Understanding Coupang: Setting a New Bar for Global E-Commerce?

Coupang’s potential $58B IPO* would put it at the top of an excellent 2020 cohort, including Palantir ($15B), DoorDash ($32B), Snowflake ($33B), and Airbnb ($47B). A comparison of Coupang’s S-1 data to global comps as well as Goodwater’s proprietary consumer research illustrates why Coupang has established itself as the dominant e-commerce player in Korea. Coupang is potentially setting a new benchmark for global e-commerce companies across Asia and the U.S. and there are a number of key lessons startups can learn from what Coupang has achieved.*$58B assumes Coupang prices at the top of the range of $32 – $34 / share.

Coupang’s Rising Market Dominance in Korea

Nothing demonstrates how well Coupang competes than seeing its market share widen from 2019 to 2020:


Not only does Coupang have a market leading position, but it is also the only player making major market share gains, widening its lead over competitors.

Surveying consumers provides an even starker contrast — while consumers are evenly split across most online shopping platforms, Coupang is both the most commonly used and the most frequently used platform, easily 2x over competitors.


Consumers are clearly finding reasons for coming back and spending on Coupang over its competitors.

To put this competitive dominance into perspective, we can compare Coupang to major US e-commerce players. Using dollar retention rate (the amount of spending that a cohort spends each year after they were introduced to the platform — for example, if someone spent in 2016, year 2 would be 2017) as a proxy:


Even as far back as the 2016 cohort, Coupang dollar retention rates exceeded Walmart, Etsy, and Alibaba for every subsequent year (2017, 2018, etc.) with the gap widening each year. Customers are coming back and spending at a rate that easily exceeds those platforms and closely matches the behavior on Amazon.

But more surprising is Coupang’s 2017 cohort, where dollar retention in each subsequent year (2018, 2019, and 2020) has started to exceed even Amazon. Just in 2020, that 2017 cohort spent 346% of the original spend in the first year, compared with Amazon at 278%. Later cohorts have already improved on top of that. The value of these customers are not only best-in-class in Korea, but likely the highest in the world.

Coupang has established a consumer value proposition in Korea that exceeds even that of Amazon in the US, and startups can learn from Coupang’s laser focus on customer experience.

Customer Experience Driving the Coupang Flywheel

In Coupang’s words, the main driver of its success is their commitment to “wow” the customer:

“We are committed to delivering a “wow” experience to all of our customers every day. This commitment drives every aspect of our operations and pushes us to redefine the standards of e-commerce.”

When it started ten years ago, Coupang started with a seller-centric interface similar to eBay, but moved over to a product-centric interface more akin to Amazon in order to solve problems like duplicate listings and multiple prices in order to make the customer experience better.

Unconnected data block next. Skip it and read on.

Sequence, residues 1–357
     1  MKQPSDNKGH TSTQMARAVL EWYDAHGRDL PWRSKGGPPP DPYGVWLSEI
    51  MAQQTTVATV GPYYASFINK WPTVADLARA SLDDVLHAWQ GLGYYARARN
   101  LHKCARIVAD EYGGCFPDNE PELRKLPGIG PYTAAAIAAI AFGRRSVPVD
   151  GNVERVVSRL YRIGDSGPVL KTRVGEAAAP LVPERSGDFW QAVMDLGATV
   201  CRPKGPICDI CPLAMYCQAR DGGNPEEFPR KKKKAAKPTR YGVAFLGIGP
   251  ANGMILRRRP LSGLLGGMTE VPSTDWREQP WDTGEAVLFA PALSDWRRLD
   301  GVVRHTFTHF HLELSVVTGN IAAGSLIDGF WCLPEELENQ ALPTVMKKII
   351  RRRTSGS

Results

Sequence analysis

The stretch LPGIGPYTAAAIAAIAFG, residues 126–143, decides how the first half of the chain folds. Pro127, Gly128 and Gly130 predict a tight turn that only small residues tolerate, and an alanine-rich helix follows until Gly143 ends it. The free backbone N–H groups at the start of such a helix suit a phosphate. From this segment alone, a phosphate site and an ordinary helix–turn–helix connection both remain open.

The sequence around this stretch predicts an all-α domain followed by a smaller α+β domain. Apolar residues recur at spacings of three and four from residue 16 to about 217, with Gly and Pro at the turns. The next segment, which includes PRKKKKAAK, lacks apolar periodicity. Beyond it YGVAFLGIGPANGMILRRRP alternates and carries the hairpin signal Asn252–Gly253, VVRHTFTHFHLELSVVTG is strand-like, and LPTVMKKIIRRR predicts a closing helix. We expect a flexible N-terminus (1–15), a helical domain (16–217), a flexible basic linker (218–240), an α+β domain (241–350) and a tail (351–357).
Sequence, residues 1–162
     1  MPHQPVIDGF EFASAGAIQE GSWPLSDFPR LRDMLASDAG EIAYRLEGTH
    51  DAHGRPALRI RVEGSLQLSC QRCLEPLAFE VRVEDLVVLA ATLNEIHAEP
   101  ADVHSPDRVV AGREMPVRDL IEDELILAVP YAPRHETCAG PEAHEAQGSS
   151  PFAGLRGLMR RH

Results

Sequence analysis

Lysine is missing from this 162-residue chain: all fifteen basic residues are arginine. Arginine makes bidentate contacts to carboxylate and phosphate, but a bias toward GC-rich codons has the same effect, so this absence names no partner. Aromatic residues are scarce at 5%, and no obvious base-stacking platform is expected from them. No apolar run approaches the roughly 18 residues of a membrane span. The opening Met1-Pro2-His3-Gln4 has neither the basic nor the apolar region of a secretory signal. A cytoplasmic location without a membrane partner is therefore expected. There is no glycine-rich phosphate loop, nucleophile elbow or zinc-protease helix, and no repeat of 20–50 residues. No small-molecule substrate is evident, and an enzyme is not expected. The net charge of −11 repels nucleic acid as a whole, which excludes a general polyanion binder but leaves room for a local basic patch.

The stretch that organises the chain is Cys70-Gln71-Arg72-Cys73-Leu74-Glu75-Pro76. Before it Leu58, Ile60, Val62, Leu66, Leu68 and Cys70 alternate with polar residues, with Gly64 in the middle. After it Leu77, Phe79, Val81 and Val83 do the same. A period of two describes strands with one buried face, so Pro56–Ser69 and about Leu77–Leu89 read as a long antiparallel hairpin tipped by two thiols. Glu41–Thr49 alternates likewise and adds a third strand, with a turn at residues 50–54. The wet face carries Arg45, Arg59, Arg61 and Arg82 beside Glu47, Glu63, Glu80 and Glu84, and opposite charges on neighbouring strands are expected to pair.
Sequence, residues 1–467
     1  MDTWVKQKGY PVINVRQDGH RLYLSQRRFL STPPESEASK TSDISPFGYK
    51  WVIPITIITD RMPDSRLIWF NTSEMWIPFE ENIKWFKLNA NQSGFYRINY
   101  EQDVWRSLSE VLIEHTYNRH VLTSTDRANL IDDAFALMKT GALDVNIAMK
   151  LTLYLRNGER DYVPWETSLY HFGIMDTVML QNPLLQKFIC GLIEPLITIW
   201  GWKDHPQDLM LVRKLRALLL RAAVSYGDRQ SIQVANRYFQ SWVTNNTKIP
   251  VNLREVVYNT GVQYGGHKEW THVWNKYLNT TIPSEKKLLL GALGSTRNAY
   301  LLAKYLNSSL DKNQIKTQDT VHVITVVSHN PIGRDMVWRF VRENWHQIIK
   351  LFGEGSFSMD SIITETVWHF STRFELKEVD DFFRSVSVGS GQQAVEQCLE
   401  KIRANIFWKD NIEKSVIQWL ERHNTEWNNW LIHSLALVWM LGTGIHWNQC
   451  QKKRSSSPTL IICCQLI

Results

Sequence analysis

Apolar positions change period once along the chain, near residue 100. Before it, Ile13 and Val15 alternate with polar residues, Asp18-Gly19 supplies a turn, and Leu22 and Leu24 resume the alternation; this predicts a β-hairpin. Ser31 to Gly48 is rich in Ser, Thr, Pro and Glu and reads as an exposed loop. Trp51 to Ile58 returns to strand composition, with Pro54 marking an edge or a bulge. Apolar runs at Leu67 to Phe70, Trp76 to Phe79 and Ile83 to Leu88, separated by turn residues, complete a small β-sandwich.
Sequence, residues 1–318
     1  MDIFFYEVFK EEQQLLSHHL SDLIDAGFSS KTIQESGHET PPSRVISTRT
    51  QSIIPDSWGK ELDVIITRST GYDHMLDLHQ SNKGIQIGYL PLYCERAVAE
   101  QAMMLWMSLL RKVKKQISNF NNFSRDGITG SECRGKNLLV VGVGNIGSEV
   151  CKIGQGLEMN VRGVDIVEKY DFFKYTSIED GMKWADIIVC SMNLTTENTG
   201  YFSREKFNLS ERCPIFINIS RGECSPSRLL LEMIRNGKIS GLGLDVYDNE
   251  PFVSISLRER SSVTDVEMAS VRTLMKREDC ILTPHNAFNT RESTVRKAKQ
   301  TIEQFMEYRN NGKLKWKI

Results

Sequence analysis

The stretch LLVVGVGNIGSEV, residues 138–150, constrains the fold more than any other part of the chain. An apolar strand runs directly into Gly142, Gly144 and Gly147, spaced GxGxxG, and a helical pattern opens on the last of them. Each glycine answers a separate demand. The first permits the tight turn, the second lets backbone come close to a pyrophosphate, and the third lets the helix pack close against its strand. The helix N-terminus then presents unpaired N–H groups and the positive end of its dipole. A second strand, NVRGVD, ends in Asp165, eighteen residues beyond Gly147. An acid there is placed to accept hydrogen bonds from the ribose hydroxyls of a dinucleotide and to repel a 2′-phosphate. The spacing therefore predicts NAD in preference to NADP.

While most e-commerce players are happy to stop with digital improvements, the limited e-commerce infrastructure in South Korea was always going to be a limiting factor in wow-ing the customer unless they found a way around:

“Limited E-commerce Infrastructure. In the U.S. and other markets, nationally scaled delivery and logistics companies like UPS and FedEx existed even prior to the ubiquity of e-commerce. In contrast, no major third-party logistics company in Korea reliably offers next-day delivery at scale or delivers every day of the week. As a result, merchants are forced to stitch together highly fragmented solutions using third-party services across logistics, fulfillment, and delivery. The fragmented nature of existing fulfillment, logistics, and delivery solutions in Korea, all of which are essential to the development of a robust e-commerce ecosystem, means that significant capital investments are required to build an integrated and end-to-end network for e-commerce.”

Those logistics limitations threatened to make the e-commerce experience deficient when compared with walking into a local brick and mortar store. In order to wow the customer, Coupang did the difficult thing and invested heavily to build 100 fulfillment and logistics centers in 30 cities and hire 15,000 delivery drivers in order to get the coverage they needed:

“70% of the population lives within 7 miles of a Coupang logistics center. Our operational infrastructure spans over 25 million square feet across over 30 cities, a footprint of over 400 football fields in a country that is 1% the size of the US geographically.”

Those investments in not only technology, but also operations and logistics, have enabled it to offer game-changing features to the customer:

  • Rocket Delivery — “Next Day Free shipping Customers are eligible for free, one-day delivery nationwide 365 days a year—even the day before gift-giving holidays like Christmas”
  • Dawn and Same-Day Delivery — “Millions of items every day—including fresh groceries—are delivered within hours via Dawn Delivery (ordered as late as midnight, arrive before 7am) or Same-Day Delivery (ordered in the morning, arrive same-day).”
  • Effortless Returns — “No need to pack a box or print a label. Our customers simply tap a button on the app and leave the item outside their door for pickup. Refunds are initiated the moment the item is picked up at the door.”
  • Deliveries without Packaging — “Our re-engineered fulfillment process eliminated cardboard boxes in over 75% of the parcels we package, and our latest innovation, Zero Packaging, first introduced for Rocket Fresh, eliminates almost all disposable packaging by delivering in eco-bags that are collected for reuse after each delivery.”